Letters to the editor, June 29, 2012
Candy distribution at parades
To the Editor:
Parade season is on and with it prizes in the form of candy and mementos.
More than once I have seen associates of entrants marching along the parade route directly distributing candy to spectators.
This should always be the rule and never the exception during a parade. Too often I have seen children run into the street and could easily be struck by an oncoming float or frighten horses. My heart leaps into my throat when I see these pint sized pillagers coming borderline, if not entirely, in front of oncoming floats. And they are so small, they may not be seen in time.
Our hats go off to the direct distributors of candy, people who are willing to go the distance.
Keep Union Spanish teacher
To the Editor:
I am writing about the budget cuts that the Union School District is facing and I really feel that they need to keep the Spanish class here.
Yes, the kids need their sports but I think it benefits to pay a teacher rather than a coach. I’m not saying that coaches don’t deserve to be paid, but when push comes to shove, let’s keep our teachers.
I have a son who was able to speak Spanish and he used to work at the gas station and Wal-Mart while going to college and then became a police officer in Baker City, then later in La Grande and finally in Salem. I don’t know how many times he was called in to hospitals, restaurants and other places in order to talk to people or to comfort loved ones.
We really need to keep the Spanish teaching position as well as sports. If necessary, we could use volunteers for at least awhile so that we can keep teaching positions as well as sports.
If I was in better health, I sure would be over there to help.
Stole from gravesite
To the Editor:
To the person who stole from my father’s gravesite:
Eight months of the year I live in a large metropolitan area. Coming home to La Grande in the summer is a treat. I leave behind crime and a lack of empathy to find just the opposite in my hometown; something I treasure in La Grande.
That thought was broken this last Memorial day.
As she does every year, my 90-year-old mother placed a beautiful iron basket of flowers on my father’s grave at Grand View Cemetery in La Grande. She has placed this same basket for several years and then returns to pick it up and replant for the next year.
This year when she went to pick it up, a large container of petunias and the iron basket was gone. (She returned prior to the cemetery crew’s clean up)
After tears, she asked the question, “What kind of person steals from a gravesite?” Followed by, “I did not think that would happen in La Grande.” I didn’t think that would happen either.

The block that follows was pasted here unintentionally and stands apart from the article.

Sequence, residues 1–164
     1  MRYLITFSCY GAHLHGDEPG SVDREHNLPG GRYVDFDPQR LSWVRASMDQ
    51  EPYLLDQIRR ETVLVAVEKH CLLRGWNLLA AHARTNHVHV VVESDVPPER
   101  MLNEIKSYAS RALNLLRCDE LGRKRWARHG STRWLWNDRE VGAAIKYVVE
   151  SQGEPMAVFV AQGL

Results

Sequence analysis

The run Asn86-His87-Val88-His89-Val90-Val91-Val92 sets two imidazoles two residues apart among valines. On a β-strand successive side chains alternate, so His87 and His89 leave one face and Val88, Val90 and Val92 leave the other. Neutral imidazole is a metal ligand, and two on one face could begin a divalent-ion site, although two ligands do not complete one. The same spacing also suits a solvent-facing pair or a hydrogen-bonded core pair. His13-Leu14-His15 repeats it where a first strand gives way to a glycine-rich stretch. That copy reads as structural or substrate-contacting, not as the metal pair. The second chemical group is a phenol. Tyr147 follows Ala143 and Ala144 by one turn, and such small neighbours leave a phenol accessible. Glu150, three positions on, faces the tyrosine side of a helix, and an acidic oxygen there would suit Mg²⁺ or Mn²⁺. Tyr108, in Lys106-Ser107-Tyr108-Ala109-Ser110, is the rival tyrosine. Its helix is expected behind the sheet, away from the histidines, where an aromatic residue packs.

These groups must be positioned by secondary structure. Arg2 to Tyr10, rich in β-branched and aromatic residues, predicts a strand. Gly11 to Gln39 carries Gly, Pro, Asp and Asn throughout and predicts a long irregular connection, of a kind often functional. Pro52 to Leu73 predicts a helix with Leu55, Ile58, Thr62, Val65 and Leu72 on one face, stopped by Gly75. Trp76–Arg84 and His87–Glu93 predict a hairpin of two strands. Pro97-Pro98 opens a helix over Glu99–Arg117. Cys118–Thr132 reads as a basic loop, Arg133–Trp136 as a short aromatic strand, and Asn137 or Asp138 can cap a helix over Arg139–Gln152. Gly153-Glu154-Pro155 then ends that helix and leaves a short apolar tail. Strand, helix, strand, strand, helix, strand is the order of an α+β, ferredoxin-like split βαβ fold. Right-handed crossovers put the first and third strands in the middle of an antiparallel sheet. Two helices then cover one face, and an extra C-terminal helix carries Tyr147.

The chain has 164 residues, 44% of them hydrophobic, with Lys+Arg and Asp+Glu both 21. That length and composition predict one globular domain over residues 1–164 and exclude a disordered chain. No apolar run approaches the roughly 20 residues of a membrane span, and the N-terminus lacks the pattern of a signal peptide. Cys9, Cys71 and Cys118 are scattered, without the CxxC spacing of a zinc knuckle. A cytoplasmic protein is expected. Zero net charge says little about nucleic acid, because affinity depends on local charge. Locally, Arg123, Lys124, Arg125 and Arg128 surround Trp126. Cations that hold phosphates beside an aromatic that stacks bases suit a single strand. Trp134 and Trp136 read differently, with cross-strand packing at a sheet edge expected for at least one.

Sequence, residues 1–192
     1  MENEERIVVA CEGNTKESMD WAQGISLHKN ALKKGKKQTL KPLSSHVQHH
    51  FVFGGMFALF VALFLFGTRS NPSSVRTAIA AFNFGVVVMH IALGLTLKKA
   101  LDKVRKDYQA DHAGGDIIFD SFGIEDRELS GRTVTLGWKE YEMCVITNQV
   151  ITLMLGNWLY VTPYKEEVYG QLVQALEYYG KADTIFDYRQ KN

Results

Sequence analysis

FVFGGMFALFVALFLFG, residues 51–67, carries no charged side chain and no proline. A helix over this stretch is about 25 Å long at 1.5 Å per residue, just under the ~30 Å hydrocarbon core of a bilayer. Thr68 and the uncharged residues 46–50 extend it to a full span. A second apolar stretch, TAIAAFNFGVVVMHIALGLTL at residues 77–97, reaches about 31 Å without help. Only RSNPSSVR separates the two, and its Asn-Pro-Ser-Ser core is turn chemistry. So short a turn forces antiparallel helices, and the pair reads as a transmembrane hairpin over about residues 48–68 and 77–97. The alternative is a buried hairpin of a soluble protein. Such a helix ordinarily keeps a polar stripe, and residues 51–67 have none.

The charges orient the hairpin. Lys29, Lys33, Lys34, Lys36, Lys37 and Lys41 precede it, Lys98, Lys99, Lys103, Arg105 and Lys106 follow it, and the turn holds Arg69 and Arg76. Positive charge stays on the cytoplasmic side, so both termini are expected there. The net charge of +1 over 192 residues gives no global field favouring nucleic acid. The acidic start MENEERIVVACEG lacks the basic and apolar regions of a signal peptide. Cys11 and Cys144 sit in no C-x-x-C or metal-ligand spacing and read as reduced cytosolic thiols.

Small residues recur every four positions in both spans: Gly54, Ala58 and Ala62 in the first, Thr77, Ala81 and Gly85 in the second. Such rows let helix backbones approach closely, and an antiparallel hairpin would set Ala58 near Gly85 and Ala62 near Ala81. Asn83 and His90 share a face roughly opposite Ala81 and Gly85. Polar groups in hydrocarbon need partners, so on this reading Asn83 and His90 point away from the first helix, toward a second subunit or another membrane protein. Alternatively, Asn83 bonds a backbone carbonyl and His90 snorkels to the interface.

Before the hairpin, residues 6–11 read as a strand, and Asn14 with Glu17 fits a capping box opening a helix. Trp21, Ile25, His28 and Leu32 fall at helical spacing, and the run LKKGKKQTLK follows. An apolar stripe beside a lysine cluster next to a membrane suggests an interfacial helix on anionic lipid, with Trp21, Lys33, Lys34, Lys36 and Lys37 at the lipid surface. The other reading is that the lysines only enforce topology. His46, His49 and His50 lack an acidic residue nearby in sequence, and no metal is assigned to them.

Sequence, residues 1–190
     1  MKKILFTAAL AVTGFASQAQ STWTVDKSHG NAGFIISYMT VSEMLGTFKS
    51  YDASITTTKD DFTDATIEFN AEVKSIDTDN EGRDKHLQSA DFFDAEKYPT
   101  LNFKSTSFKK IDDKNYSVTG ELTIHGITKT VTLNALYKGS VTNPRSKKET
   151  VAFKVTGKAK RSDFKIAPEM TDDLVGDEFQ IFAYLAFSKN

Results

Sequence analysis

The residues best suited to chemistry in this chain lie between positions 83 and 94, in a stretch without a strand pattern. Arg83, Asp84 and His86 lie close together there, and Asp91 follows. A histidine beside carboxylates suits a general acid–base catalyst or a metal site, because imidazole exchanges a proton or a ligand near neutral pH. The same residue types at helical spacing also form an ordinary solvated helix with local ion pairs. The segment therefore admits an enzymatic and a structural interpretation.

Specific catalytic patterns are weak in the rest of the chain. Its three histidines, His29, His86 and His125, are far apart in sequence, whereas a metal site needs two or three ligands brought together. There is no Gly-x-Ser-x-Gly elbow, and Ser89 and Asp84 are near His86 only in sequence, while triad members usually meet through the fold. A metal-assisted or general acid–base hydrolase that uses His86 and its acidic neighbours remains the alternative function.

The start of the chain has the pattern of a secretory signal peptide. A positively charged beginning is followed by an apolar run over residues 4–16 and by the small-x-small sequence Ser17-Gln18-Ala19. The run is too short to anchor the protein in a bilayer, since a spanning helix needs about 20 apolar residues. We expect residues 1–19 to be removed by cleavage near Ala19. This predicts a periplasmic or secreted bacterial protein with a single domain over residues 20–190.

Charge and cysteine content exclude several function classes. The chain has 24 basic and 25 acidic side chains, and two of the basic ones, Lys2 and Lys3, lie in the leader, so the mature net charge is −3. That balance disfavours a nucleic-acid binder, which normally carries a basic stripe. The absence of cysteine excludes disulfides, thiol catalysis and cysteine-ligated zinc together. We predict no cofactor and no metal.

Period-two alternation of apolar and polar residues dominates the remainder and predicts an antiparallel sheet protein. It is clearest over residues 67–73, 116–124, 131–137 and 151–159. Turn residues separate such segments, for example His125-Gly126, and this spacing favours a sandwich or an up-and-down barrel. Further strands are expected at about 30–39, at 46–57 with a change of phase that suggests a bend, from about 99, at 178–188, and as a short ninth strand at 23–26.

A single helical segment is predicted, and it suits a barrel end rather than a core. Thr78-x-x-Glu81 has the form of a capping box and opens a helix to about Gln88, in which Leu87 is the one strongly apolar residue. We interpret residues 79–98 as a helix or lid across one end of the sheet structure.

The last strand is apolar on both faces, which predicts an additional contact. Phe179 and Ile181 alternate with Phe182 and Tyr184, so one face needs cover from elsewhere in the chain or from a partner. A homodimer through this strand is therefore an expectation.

To the person who stole the basket from my father’s gravesite, I would also ask, “What kind of person are you? Do you have any sense of decency?” The basket does not belong to you; please return it.
Barbara Sherwood Sparks
Upgrading TV signals
To the Editor:
I would like to thank a group of people for their time and effort. They have worked very hard to bring digital TV to Union and Baker City. What I think is so special is the fact that they volunteer their time to keep off air signals in the valley. Without their help, Blue Mountain Translator District would cease to exist.
Please help me in thanking them too. Dennis Spence, Ken Paterson, Shirley and David Coombs, and past board member Howard Richardson. Also a special thanks to Michael Elliott, an engineer for OPB who helped in the design of the system. Please rescan every so often as BMTD will be upgrading their signals over the summer with true HD signals and with co-channels as they become available..
Chief engineer, OPB
Migratory fish update
To the Editor:
Mr. Charles Jones completely missed the point of my Snake River migratory fish letter to the editor and gave the standard reply. Yet some of the traditional causes do not fit the logic picture. Due to restriction on number of words (letters to the editor are limited to 350 words), some parts of my letter were removed.
Using logic indicates that at least one coastal stream in the Pacific Northwest in a wilderness or park would have had good returns during the time of low coastal returns if the problem was caused by logging, etc. and bad water quality in the streams.
Logging around coastal hatcheries before low returns had gone on for decades and had not reduce the programs. Records indicate that the reduction in adult returns came before the reduction in smolt releases. The hatchery smolt release programs numbers were not significantly reduced by the mud and slash that is attributed to logging so the adults should have returned to the hatcheries.
Also one should recall that one of the first critters to return to Mount Saint Helens was migratory fish. And records indicate that pre-eruption local fish survived the ash, mud flows and hot water of the total devastation of the blast zone.
The early years of The Oregon Forest Practices Act of 1971 must have been a failure in the non-logical way of thinking because the regulation of clear cut size, road building requirements, and stream side protection occurred long before the low return era and must have done little to improve the fish returns. Records do support improvements in water quality because of the Act.
The spotted owl era also occurred before the poor salmon years and so that reduction in logging also did not help restore the salmon any more than the spotted owls.
The commercial salmon farms with direct access to the ocean stopped production because adults did not return to their sites and surplus eggs were no longer available.
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